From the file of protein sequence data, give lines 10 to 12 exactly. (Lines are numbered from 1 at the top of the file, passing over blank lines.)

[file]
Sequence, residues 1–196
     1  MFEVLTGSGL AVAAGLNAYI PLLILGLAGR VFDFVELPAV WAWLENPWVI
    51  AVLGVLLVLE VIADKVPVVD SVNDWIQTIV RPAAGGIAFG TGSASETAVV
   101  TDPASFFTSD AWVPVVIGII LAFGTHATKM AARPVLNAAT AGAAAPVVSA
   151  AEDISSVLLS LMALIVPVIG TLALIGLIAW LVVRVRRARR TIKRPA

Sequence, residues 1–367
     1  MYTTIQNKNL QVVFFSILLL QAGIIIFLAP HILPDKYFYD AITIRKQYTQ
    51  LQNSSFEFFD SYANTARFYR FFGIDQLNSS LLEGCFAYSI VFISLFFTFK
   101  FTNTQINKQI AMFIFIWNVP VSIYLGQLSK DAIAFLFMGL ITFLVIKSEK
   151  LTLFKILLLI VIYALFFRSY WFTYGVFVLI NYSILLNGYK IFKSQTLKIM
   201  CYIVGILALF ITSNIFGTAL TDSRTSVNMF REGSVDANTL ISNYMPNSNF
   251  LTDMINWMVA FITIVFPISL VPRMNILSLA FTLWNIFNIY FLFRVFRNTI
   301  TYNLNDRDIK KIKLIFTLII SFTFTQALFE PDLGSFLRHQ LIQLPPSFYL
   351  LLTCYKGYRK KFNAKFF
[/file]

   151  LTLFKILLLI VIYALFFRSY WFTYGVFVLI NYSILLNGYK IFKSQTLKIM
   201  CYIVGILALF ITSNIFGTAL TDSRTSVNMF REGSVDANTL ISNYMPNSNF
   251  LTDMINWMVA FITIVFPISL VPRMNILSLA FTLWNIFNIY FLFRVFRNTI